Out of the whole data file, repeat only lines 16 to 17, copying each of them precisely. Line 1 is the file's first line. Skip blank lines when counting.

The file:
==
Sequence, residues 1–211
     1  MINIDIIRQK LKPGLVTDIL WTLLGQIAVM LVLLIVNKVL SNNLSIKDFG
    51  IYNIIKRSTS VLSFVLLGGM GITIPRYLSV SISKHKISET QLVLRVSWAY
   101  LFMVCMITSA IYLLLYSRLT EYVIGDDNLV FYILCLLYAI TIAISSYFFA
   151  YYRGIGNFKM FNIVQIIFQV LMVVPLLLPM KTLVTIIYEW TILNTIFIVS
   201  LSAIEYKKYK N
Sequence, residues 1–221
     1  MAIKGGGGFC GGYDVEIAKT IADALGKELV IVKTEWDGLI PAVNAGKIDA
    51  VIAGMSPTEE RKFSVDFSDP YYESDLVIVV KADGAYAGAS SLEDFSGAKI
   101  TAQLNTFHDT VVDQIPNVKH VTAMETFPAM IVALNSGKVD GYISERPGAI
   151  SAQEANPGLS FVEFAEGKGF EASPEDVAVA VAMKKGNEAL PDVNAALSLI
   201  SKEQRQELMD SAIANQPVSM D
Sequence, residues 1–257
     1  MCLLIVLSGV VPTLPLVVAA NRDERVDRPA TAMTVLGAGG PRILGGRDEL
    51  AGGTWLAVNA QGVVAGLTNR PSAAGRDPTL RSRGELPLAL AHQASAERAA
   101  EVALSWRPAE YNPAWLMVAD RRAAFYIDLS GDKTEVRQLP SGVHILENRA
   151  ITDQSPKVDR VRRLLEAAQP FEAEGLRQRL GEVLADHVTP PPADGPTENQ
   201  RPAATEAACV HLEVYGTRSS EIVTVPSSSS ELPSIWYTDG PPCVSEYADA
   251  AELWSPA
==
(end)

   101  EVALSWRPAE YNPAWLMVAD RRAAFYIDLS GDKTEVRQLP SGVHILENRA
   151  ITDQSPKVDR VRRLLEAAQP FEAEGLRQRL GEVLADHVTP PPADGPTENQ